Lordstown wants to be the first to sell an electric pickup

Lordstown Motor claims it will start deliveries of the Endurance electric pickup next January making it the first vehicle of its kind on the North American market.

On April 21, Lordstown CEO Steve Burns wrote in the company blog: ‘‘We look forward to introducing you to the world’s first-fully electric pickup truck this summer, and handing the keys to fleets across the country in January 2021.’’

Lordstown Endurance

Initially, Lordstown was to introduce the first production-intent Endurance at the North American International Auto Show in Detroit this June. But the show was cancelled because of the COVID-19 pandemic. Nevertheless, the company still plans on introducing its electric pickup ‘‘sometime in early summer, probably via a virtual reveal from our headquarters’’ says Steve Burns.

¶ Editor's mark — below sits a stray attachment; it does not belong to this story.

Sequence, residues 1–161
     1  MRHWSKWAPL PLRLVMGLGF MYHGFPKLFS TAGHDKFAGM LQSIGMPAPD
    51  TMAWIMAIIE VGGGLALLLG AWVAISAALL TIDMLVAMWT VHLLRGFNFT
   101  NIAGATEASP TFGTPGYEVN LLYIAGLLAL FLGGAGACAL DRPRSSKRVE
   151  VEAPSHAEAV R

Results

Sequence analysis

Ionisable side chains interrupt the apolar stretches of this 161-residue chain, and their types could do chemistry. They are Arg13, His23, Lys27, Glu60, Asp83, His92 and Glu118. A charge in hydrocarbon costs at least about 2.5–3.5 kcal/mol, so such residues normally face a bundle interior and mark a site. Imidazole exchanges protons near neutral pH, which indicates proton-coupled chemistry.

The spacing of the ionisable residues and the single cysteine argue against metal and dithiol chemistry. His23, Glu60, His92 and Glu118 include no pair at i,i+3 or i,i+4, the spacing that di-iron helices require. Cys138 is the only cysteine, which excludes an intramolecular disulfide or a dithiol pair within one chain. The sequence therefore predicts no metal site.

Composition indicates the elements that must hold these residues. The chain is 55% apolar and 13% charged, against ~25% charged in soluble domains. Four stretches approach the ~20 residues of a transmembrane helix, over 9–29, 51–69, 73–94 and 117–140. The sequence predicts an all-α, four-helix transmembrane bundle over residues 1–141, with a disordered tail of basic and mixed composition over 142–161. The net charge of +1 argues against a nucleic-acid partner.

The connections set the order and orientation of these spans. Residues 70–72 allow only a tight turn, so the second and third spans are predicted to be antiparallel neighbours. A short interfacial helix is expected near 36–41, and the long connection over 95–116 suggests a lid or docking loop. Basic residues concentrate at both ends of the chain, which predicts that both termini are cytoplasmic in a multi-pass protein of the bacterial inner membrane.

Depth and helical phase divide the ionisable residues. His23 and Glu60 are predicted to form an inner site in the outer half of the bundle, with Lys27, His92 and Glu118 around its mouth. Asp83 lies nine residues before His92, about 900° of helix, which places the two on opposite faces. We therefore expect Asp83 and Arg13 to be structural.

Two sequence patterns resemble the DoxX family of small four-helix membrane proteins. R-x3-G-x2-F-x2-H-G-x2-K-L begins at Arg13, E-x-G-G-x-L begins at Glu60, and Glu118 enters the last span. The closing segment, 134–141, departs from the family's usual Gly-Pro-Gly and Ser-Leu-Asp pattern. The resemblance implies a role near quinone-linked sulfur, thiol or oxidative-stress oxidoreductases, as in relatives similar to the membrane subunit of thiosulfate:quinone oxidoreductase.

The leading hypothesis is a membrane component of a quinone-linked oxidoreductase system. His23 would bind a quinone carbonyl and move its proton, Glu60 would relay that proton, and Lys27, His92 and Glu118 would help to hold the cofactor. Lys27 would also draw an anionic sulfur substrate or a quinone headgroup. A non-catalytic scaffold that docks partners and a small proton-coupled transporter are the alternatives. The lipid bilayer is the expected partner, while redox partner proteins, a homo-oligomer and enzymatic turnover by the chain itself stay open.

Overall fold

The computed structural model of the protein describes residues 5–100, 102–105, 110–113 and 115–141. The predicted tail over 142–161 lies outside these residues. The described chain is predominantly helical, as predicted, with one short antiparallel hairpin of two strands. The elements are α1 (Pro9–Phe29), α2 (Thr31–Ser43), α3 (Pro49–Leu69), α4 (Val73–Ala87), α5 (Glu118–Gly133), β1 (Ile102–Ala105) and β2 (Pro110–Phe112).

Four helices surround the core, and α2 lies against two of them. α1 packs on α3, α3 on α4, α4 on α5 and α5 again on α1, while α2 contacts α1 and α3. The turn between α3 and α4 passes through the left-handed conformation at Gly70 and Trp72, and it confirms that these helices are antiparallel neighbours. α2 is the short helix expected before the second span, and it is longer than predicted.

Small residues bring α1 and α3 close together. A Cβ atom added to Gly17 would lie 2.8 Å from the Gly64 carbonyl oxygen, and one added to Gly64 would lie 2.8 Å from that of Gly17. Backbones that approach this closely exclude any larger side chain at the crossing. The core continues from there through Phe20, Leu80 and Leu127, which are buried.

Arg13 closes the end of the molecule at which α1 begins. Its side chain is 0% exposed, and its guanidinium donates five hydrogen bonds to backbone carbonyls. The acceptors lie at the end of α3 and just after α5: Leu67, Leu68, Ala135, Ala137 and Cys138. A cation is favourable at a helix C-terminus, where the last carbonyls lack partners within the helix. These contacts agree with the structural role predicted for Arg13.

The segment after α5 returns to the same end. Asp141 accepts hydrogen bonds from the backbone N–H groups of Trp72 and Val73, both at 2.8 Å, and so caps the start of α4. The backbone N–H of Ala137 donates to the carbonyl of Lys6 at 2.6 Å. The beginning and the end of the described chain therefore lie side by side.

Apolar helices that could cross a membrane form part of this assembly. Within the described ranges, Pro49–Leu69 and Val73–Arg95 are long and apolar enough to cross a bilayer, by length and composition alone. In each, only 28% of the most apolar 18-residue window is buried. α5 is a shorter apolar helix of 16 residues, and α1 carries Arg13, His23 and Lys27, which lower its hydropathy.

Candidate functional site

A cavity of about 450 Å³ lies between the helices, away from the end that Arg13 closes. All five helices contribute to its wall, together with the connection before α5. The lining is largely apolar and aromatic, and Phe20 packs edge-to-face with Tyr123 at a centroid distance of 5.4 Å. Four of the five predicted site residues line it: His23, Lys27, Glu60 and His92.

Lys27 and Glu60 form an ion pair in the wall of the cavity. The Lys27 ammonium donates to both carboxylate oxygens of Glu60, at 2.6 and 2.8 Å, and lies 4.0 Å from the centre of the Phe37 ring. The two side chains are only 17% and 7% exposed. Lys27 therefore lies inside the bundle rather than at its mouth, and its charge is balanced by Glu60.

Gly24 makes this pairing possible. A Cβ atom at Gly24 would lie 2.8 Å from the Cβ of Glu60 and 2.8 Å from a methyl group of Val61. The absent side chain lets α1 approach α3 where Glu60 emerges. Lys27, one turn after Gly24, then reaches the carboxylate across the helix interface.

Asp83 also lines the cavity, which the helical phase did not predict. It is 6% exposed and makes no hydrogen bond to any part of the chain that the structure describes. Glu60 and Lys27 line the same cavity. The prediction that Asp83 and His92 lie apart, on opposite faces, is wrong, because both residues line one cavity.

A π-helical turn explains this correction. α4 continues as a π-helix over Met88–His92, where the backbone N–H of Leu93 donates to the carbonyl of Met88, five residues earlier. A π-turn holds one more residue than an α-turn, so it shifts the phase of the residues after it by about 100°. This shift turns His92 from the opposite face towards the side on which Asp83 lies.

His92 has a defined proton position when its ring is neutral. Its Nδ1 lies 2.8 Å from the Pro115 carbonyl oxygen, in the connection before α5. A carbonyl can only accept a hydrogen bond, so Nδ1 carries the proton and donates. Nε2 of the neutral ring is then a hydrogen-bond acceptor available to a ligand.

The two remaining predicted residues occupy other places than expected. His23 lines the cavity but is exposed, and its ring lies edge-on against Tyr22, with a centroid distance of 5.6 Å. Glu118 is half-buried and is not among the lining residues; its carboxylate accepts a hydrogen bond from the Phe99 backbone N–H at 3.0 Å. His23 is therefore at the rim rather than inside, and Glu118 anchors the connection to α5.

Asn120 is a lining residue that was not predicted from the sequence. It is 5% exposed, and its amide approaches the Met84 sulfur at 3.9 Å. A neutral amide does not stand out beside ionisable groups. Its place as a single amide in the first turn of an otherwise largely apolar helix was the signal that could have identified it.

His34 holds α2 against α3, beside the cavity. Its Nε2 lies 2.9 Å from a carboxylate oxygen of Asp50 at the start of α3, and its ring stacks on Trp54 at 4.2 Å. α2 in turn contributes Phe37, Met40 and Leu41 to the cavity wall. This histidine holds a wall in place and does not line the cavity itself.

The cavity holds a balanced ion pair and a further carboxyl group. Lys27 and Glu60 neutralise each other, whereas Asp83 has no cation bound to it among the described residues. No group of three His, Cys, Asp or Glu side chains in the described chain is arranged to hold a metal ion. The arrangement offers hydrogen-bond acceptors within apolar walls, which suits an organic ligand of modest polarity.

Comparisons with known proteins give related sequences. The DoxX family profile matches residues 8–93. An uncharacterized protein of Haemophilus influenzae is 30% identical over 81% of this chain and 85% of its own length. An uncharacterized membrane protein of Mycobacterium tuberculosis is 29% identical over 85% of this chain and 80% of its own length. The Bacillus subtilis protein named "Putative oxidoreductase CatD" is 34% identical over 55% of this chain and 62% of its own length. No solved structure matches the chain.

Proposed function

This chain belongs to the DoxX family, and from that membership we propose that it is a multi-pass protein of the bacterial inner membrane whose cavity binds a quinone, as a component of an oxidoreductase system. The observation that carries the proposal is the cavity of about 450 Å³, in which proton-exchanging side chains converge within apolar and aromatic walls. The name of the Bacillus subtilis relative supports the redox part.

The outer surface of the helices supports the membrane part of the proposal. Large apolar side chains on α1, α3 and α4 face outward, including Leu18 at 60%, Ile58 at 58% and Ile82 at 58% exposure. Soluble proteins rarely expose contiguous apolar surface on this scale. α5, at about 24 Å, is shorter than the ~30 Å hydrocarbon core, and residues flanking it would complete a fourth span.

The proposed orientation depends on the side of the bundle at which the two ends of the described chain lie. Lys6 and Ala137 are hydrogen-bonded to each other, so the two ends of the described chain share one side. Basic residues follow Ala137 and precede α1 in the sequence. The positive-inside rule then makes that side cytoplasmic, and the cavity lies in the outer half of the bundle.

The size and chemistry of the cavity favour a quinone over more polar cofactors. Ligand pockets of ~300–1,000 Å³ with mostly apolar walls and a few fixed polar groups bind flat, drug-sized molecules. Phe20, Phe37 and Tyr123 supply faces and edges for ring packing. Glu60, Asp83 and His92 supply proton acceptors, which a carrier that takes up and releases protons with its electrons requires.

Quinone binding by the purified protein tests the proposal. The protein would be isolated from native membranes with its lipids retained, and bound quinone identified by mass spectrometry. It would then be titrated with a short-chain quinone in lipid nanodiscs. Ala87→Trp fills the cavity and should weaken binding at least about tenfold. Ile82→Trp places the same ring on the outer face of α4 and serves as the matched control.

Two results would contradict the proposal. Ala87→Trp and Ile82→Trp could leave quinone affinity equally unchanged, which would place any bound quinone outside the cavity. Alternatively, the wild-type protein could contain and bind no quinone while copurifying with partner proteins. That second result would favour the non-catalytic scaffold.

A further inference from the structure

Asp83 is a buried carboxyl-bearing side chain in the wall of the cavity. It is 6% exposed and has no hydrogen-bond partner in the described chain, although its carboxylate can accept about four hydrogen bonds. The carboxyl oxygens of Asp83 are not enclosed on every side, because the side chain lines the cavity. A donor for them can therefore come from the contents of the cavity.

According to Lordstown, the Endurance will have four in-wheel hub motors, four-wheel drive, a 400+ range and a 3,400 kg (7,500 lb) towing capacity. The base price in the United States will be $52,500 US.

A really recent start-up

Burns’s Lordstown Motor started operating during the summer of 2019. It teamed up with Workhorse Group, a Union City, Indiana company Steve Burns founded in 2015 and left in February 2019.

In November, Lordstown exchanged with Workhorse an equity stake of 10% for an intellectual property licensing agreement of some technology developed for the Workhose W-15, a plug-in hybrid pickup truck that never got into production. Lordstown will also deliver Endurance pickups to fulfill 6,000 reservations received for the W-15.

Workhorse W-15

The Lordstown name is borrowed from the Ohio town where the start-up headquarters and plant are located. This 6.2 million square-foot manufacturing facility, just off the Ohio Turnpike in Lordstown built in 1964 functioned as a GM plant from 1966 until 2019.

During a half-century, GM assembled a wide variety of vehicles there: Pontiac Firebirds (1967-1969), Chevy and GMC vans (1971-1994) as well as the compact twins Chevrolet Vega and Pontiac Astre (1971-1977) among others. The last GM car to come off the assembly line was the Chevrolet Cruze.

Text: Luc Gagné
Photos: Lordstown Motor

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